01/24/2014

2014 Colorado Municipal Market Outlook

by

The National Perspective

Over the course of 2014, a number of economic and policy variables are likely to impact the municipal bond market.  Consensus expectations of the Federal Reserve indicate a gradual tapering of the Fed’s asset purchase program.  While the initial market response may be negative, over time more attractive valuations may draw buyers to the market.  The long end of the yield curve has flattened while we’ve seen a steepening on the short end.  Estimates of the 2014 year-end yield on the 10-year Treasury fall near 3.50%.  Municipal bonds remain attractive relative to Treasuries.  In this environment, the bond markets could produce low, but positive, total returns for the year.

A number of near-term events could generate volatility in the bond market.  During the first quarter, Washington will be required to address the debt ceiling and the Federal budget.  In the recent past, these debates, along with the scenario of a disaster narrowly averted, have created inflection points in the bond markets which provided attractive valuations. Although tax reform proposals may emerge this year, it seems unlikely that legislation will be enacted, particularly with legislators focused on mid-term elections.  Headline risk is likely to remain a factor in connection with Detroit, Illinois, Puerto Rico and the pension liabilities of individual municipal credits.

At the same time, there are significant positive factors influencing the municipal market.  The financial condition of most municipalities has improved with modest economic growth and a corresponding increase in revenues.  State tax collections have been growing for over 3 years now, while defaults are occurring at the slowest pace since 2008.  Valuations have become attractive and declining new issuance is supporting those valuations to some degree.  With the on-set of tax season, as the impact of recent tax changes becomes clear, interest in tax-exempt municipal income is likely to rise.  Should rates rise, the municipal tax-exemption becomes even more attractive.

We believe that municipal bonds could outperform other fixed income categories in 2014. In the second half of 2013 the yield on a typical “A” rated municipal bond was at least as much as an equivalent “A” rated corporate bond. This enticed investors seeking total return to buy municipal bonds, even when they did not need the tax advantages of municipal bonds.  Another year of anticipated lower municipal bond issuance (reduced supply) and higher tax rates (heightened demand) could make municipal bonds more attractive in 2014.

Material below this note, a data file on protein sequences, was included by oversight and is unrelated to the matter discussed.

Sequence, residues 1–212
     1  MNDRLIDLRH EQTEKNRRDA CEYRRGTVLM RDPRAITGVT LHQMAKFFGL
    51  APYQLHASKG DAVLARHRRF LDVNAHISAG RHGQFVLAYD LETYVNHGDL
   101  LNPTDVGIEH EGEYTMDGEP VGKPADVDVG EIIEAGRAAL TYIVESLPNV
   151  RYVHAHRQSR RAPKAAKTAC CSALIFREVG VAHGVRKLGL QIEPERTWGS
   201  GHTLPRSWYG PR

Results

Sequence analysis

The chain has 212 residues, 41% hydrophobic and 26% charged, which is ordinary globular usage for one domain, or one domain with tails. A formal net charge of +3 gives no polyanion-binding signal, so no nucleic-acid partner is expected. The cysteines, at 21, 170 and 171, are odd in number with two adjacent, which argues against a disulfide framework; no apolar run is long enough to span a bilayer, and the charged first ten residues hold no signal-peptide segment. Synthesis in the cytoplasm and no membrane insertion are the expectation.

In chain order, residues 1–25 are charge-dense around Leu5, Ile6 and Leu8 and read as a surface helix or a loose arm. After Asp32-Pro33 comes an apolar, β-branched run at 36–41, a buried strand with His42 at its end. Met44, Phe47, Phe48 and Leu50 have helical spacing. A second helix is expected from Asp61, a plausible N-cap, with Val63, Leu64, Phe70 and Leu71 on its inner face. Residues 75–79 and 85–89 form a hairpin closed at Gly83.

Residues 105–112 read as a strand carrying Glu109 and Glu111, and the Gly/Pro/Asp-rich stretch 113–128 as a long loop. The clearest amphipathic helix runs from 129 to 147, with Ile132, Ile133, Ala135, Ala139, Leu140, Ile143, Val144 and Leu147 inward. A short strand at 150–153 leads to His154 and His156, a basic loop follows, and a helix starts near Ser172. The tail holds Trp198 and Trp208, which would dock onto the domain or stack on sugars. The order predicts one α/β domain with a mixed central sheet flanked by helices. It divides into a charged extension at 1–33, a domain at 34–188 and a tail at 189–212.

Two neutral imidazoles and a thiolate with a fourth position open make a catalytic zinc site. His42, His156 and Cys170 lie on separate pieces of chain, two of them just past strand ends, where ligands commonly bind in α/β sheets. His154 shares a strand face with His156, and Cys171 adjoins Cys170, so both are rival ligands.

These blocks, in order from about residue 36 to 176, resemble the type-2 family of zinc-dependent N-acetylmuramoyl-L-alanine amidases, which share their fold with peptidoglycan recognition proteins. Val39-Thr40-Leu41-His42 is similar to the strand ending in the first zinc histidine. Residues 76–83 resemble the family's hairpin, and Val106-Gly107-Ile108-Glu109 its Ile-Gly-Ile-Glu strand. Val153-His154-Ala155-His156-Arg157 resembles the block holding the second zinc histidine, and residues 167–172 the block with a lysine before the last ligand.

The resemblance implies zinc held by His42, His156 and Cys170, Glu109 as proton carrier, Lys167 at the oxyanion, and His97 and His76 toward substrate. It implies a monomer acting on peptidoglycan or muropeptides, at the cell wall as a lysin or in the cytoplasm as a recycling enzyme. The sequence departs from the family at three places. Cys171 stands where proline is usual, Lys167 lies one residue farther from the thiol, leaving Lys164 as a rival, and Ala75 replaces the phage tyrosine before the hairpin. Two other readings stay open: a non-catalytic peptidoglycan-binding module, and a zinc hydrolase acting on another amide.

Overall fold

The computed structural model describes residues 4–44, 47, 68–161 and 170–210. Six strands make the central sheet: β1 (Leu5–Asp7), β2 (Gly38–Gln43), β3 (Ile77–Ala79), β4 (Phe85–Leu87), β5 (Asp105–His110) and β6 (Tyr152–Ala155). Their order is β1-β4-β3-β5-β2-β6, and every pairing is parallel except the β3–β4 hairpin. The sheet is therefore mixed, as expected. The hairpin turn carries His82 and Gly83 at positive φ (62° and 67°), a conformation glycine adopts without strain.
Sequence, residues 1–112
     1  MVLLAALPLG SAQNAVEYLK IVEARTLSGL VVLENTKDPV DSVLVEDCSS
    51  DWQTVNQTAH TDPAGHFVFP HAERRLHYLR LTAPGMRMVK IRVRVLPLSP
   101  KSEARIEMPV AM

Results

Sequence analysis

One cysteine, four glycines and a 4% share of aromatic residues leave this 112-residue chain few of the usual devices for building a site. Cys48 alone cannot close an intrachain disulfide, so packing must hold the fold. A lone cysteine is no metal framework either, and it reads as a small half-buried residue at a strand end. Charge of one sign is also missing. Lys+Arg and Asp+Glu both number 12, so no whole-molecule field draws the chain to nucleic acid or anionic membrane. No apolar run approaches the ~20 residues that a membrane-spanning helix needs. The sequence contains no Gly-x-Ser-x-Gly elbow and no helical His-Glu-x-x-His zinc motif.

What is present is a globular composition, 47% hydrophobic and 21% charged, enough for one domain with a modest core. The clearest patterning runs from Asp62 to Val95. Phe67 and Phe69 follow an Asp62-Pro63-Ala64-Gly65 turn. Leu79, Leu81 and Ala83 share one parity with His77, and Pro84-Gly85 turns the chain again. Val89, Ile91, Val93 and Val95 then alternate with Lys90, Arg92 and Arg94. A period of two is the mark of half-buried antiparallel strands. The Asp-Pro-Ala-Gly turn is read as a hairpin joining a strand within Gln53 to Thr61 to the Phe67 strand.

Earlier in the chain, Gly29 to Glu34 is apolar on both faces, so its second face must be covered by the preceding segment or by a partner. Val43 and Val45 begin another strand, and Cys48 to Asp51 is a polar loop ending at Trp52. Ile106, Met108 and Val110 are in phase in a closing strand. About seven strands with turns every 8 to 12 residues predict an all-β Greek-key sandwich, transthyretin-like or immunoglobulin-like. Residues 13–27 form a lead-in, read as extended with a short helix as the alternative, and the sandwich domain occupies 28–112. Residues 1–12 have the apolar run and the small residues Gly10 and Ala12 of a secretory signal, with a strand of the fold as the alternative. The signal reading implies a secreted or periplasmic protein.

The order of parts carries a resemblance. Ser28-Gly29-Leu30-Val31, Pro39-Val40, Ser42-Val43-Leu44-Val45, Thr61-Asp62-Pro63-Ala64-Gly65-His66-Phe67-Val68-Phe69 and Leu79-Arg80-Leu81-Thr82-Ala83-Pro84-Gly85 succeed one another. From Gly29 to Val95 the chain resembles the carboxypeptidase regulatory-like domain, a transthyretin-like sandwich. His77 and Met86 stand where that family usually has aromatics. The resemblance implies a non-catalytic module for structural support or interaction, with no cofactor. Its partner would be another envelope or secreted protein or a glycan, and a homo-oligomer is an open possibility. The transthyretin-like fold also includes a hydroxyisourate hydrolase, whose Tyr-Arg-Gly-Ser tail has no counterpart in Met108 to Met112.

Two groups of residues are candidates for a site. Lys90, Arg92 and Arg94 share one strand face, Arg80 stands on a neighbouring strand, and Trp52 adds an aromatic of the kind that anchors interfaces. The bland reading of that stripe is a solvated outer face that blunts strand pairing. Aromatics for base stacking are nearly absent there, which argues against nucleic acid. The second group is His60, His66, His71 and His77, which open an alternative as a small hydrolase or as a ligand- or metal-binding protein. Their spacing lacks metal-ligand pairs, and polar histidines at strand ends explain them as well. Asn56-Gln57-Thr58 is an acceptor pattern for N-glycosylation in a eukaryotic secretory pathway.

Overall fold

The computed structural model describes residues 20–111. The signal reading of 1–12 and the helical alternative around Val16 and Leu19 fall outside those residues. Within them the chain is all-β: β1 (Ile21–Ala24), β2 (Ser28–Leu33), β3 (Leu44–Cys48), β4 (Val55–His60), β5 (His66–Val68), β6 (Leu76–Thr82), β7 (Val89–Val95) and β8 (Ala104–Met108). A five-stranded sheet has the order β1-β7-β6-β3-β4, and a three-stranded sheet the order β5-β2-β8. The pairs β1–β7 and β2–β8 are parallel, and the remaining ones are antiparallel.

The Local Perspective:  Colorado

Colorado municipal bond new issuance declined by 26% to $6.6 billion in 2013 from the record high of the previous year.  Major issuers during the year were City and County of Denver, RTD, Denver Public Schools, and Denver International Airport.  We expect new supply will remain at or below current levels as the number of refunding issues will decline in the higher rate environment and voters are less enthusiastic about approving new capital projects.

The improving commercial and residential real estate markets have provided a positive impact on property tax collections which is an important revenue source for municipal bond repayment.  This has been especially helpful to elementary school funding which had suffered in the years following the recession.  Sales tax revenues have surpassed the pre-recession highs at the state level and capital gains taxes have provided a significant boost to State coffers.  Overall, the credit quality of investment grade municipal bonds has improved in the past year.

The Aquila Tax-Free Fund of Colorado will maintain its defensive posture by focusing on high quality, intermediate maturity bonds.  Through our emphasis on local research and our disciplined investment approach we strive to provide reduced volatility and double tax-exempt income for our shareholders.

Before investing in a Fund, carefully read about and consider the investment objectives, risks, charges, expenses, and other information found in the Fund prospectus.   The prospectus is available from your financial advisor and when you call 800-437-1020 or visit www.aquilafunds.com.